The profession of magic is very much part of the author’s life, as is the profession of anthropology. “This book tells a story about my journey to discover the anthropology of magic; it feels like a patchwork quilt or a jigsaw of pieces of information that I have picked up over the years, both in trying to make sense of my fieldwork experience and also in teaching ideas about magic in anthropology of religion courses at Goldsmith’s College, University of London, and shamanic and altered states of consciousness courses at the University of Sussex.”

So much for the Introduction. If I continued to try to paraphrase and comment in such detail on the balance of the book, I would produce a tedious review too long to be read in a single sitting, and I would do the author’s thesis less than justice. Instead, I propose to do something unusual and allow the author to make her major points in her own words. I will do so by quoting the four paragraphs that the author has written to outline her argument section by section. These are well handled.

Summary of Section One:

“This section sets out to explain theories that help an understanding of magic: not the explanations that somehow reduce magic to its effects on human behaviour or society, but the essence of magic as an intuitive process of mind. Magic is a holistic orientation to the world that is essentially relational and expansive; it is not irrational or confined to the thought of so-called primitives, nor is magic the preserve of non-Western, exotic societies. Rather, it is an aspect of human consciousness, and therefore it is especially appropriate to study magic in modern, Western societies, where it often manifests as an undercurrent.”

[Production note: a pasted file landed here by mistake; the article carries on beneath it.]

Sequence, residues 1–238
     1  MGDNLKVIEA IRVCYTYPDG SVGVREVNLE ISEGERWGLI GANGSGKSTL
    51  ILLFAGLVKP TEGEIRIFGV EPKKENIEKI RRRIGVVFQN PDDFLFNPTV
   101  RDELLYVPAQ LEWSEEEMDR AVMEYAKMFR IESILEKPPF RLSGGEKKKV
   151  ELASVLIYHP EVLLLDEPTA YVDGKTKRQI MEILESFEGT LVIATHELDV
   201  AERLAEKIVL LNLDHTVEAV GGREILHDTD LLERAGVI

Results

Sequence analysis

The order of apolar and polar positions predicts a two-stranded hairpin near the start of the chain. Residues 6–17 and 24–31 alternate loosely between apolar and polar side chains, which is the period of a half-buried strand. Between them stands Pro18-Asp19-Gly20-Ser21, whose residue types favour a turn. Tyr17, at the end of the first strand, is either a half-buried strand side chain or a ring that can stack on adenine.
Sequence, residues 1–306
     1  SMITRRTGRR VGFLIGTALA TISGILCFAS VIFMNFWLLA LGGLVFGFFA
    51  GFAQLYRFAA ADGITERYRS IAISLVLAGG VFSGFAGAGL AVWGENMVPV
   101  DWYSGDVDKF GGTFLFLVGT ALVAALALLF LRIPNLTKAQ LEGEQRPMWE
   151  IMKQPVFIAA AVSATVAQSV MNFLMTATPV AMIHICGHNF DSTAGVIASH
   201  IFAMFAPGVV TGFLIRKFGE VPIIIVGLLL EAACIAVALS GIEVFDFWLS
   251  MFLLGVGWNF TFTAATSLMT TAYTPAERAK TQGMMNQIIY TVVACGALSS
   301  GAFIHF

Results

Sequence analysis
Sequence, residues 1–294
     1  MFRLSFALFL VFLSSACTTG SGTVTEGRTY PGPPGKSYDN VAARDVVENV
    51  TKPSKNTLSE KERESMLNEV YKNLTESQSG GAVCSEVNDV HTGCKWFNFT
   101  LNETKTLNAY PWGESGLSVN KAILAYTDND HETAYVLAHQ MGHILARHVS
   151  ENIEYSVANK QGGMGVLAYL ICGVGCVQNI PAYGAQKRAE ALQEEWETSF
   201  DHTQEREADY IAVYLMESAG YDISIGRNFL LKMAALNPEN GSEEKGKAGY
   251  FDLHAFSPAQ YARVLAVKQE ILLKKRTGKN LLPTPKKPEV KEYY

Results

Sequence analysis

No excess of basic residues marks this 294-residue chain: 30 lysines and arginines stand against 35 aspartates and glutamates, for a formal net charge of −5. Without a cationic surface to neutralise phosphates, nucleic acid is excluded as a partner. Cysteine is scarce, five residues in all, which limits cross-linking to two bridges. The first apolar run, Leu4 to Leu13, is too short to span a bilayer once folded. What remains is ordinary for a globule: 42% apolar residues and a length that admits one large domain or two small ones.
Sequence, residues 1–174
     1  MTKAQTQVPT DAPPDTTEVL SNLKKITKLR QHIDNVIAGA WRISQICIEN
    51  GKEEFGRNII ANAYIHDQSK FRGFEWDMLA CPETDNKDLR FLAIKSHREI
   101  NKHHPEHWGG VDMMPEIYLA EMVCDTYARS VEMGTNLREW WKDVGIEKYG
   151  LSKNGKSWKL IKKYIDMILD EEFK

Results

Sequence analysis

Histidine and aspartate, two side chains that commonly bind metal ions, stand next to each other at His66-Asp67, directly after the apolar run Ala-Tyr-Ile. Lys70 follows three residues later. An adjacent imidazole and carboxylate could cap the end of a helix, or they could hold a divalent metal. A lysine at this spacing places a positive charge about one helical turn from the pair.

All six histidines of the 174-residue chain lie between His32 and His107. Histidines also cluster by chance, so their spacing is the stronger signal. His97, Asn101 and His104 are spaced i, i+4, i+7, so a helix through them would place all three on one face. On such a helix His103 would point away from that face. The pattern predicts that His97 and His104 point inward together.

Summary of Section Two:

“Using my own experience, in this section, I focus on breaking down the barrier between researcher and researched to show how magical consciousness flows through emotion and the mythological imagination.” (Added to this summary are two quotations. The first one has Dr. Greenwood quoting herself about the “uncomfortable process” of “self-examination and exploration.” The second one is an observation of Jo Crow, a British shaman, who alludes to the “multidimensional” nature of this experience.)

Summary of Section Three:

“Magic is often said to be about the purported art of influencing the course of events through occult means; it is a practice that is said can bring about certain effects such as causing harm or healing. It can be conscious or unconscious as well as rational and mystical, but above all, magic involves an immaterial psychic dimension to everyday reality; this is widely described as spirit. In this section, we will explore everyday magic, from the classical ethnographic work of Evans-Pritchard on Azande witchcraft, magic and oracles (Chapter 6) to divination and healing in various cultural settings (Chapter 7).” (Also included are three quotations from Evans-Pritchard, Tedlock, and Parrish which add little to the above description.)

Summary of Section Four:

“Anthropologists working in the field encounter specific challenges when confronted with the gap between informants’ accounts of spirit beings and their own position as researchers within the essentially rationalistic academic anthropological discipline. Magic poses problems for many anthropologists; this is due to the fact that its spiritual nature conflicts with Western notions of rationality, as we will see in Chapter 8. A more inclusive scientific framework is needed that overcomes the theoretical tendency to devalue magical experience and to recognize magical knowledge as a valuable aspect of human consciousness. Chapter 9 builds on ideas developed by Gregory Bateson and Geoffrey Samuel to just this end.” (Also included are short quotations from Turner, Lévy-Bruhl, and Bateson.)